Is my string dead ?

Discussion in 'Strings' started by frank19991999, Feb 18, 2009.

  1. frank19991999

    frank19991999 New User

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    16 g Big Ace strung at 53 lb on my Head flex radical, all of the sudden I notice a loss in power . I played with it for 20- 25 h, I am kind of medium powered hitter, moderate spin.
    Is this a symptom of a poly string going dead ?

    Thanks
     
    #1
  2. ag200boy

    ag200boy Hall of Fame

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    yes sir, your strings are DEAD
     
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  3. rxblitzrx

    rxblitzrx Rookie

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    i noticed the same thing with my prince syn gut duraflex.

    last night i started getting a lot more trampoline action and really soft feelings from my strings. it sounds dead too. more of a 'thud' sound than a 'boing' sound.

    they lasted me about 6 hours (3 days x 2 hours a day)
     
    #3
  4. frank19991999

    frank19991999 New User

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    wow ! I expected it to last a bit longer. After all is THE BIG ACE string :)
     
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  5. Nellie

    Nellie Hall of Fame

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    Lux. strings go dead pretty fast.

    In my experience, I lose control and not power after the strings lose tension.
     
    #5
  6. LeeD

    LeeD Bionic Poster

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    Nellie..
    When you lose tension, you always GAIN power, lose control. So that's normal.
    When you add tension, you lose power, but gain control. That is normal.
    So guys, I would like to show you how dumb I really am.
    Just what is DEAD strings?
    I use a Mfil 18x20 with 15 gauge cheapo stuff at 62 lbs (when strung) and have been playing with 3 of them since Sept. 08. My serves yesterday were similar to Sept serves, my hard forehands about the same, and due to some practice, my volleys much more penetrating.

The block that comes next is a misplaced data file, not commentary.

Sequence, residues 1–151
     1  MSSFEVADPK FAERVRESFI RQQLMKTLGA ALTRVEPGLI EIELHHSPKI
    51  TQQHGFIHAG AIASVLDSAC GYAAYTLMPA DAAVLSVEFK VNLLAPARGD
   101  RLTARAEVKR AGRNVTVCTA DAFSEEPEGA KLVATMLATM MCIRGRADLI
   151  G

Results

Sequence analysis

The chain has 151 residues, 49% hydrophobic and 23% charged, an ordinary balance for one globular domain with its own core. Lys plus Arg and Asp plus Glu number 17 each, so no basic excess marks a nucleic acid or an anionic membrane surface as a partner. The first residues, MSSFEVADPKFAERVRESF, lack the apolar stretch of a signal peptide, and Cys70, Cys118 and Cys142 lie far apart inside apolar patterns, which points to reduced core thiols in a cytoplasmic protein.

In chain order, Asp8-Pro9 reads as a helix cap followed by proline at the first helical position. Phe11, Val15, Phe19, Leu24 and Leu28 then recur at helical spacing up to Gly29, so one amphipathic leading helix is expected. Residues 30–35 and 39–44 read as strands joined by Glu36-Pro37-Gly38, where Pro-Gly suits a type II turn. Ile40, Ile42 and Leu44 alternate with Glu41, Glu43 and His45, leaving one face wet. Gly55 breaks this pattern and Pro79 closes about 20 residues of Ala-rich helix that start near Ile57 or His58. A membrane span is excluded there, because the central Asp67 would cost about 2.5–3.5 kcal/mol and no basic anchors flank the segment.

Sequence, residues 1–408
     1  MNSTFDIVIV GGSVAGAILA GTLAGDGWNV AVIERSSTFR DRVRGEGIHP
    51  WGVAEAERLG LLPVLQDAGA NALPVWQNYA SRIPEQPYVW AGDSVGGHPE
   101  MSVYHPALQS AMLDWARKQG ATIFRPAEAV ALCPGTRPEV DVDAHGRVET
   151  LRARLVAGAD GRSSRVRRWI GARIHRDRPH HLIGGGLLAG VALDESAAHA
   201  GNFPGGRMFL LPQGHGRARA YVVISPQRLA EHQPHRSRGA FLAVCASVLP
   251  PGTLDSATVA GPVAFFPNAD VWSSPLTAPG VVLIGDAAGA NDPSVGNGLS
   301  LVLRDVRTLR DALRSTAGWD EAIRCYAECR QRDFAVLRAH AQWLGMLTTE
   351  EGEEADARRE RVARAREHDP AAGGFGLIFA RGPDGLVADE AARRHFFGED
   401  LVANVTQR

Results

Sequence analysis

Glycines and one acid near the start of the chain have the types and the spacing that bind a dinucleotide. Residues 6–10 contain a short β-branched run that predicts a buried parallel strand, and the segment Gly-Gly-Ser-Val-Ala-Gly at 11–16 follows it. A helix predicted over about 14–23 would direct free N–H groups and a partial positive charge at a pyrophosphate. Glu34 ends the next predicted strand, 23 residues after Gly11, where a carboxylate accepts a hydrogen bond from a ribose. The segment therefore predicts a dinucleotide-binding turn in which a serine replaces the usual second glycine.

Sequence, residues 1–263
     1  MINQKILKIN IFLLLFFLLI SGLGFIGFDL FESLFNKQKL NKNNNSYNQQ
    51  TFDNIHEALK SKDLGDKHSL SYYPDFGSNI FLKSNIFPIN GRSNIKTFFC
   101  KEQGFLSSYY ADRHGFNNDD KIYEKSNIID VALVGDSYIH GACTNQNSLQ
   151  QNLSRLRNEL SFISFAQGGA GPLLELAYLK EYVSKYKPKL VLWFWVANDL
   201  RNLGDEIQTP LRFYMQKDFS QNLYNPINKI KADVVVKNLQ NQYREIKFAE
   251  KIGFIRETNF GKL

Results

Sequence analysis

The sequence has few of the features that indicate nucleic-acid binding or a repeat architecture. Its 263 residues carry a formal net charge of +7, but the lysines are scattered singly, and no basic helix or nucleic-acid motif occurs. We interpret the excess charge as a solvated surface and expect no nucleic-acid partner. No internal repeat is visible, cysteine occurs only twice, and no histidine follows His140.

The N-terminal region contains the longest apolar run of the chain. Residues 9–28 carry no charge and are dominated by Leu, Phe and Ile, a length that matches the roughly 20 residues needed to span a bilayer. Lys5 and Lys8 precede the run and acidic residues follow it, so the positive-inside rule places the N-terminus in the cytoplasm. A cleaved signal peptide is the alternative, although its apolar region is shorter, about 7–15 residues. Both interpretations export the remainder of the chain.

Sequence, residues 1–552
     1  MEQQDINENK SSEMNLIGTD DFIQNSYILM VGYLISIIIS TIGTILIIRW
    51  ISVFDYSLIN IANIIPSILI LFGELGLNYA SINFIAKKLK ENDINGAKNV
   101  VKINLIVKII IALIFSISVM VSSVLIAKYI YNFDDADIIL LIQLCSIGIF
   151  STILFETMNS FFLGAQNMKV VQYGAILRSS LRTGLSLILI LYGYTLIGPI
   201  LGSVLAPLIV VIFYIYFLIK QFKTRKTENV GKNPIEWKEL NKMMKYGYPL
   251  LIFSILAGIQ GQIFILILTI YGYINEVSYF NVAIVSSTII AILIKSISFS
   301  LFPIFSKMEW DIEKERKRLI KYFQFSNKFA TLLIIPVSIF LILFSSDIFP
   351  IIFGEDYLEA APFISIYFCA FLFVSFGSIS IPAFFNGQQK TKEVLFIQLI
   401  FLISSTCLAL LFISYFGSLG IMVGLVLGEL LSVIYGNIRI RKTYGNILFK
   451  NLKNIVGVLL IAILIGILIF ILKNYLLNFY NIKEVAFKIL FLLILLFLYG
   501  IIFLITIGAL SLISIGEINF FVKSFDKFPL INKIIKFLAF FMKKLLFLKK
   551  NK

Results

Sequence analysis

Just what do you consider DEAD strings?
    The guy I played yesterday is a pro stringer, and insists NEW strings play a level or so better (.5 in rating). I tell him he's nuts, use my 5 months old strings, and usually overpower him to win my points. He's more consistent. His strings are less than 5 hours old, on all his rackets, to play me.
    Is he nuts? Trying to sell me strings? Am I just insensitive?
    Thanks for all replies.
     
    #6
  7. mikeler

    mikeler G.O.A.T.

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    When I used Prince Pro Blend with string savers, after about 15 matches I'd play really bad for 2 or 3 matches. Once I switched rackets, my slump would end. So I bought my own stringer last May and have never played with a set of strings for more than 5 matches. I'd say it gave me a 0.25 increase in NTRP level playing with fresh strings.

    On a side note, I've got my first BA 16/PSGD 16 combo that I've used for 5 matches. I'm trying to figure out if I want to bust it out tonight and restring. I used to use PSGD alone and that would always break before 5 matches. The BA shows no signs of notching but the PSGD in the crosses is looking pretty ragged.
     
    #7
  8. LeeD

    LeeD Bionic Poster

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    Thanks, Mikeler....
    But what does a new set of strings really do?
    This guys says it hits faster balls that still drop in. With my strings, if I hit a shot I think is going in, it goes in. If I hit it too high over the net, I know before it reaches the net, and give up on the point.
    So this guy says lots of opposition let his passing shots by, and they drop well in.
    OK, 5 sets now, I maybe allowed THREE total shots by, thinking they were going out. Those went in. I also allowed maybe 20 to fly by, thinking they were OUT. They were out by over 1'.
    Just seems he's promoting new strings to me, something I don't appreciate because not only did I beat him (35 years ago, he was higher than me on the BATL B team), 4 out of 5 sets, but I beat him hitting winners while his points were mostly my mistakes. Oh, and I strung over 3,000 rackets for FTCSPORTS in SanFrancisco including more than 4 pro player's sets of rackets.
    So just HOW does newer strings go about raising your level of play?
     
    #8
  9. mikeler

    mikeler G.O.A.T.

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    I think it comes down to consistency. You are always playing with a set of strings with similar characteristics versus adjusting to the strings as they lose tension over time.
     
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  10. ODYSSEY Mk.4

    ODYSSEY Mk.4 Professional

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    after all it is still poly:)
    BA is still pretty damn good considering the price and quality
     
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  11. Midlife crisis

    Midlife crisis Hall of Fame

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    Strings are generally considered "dead" when they lose their elasticity. It happens with most materials but may be most noticeable in poly strings because of the material's strain/stiffness profile.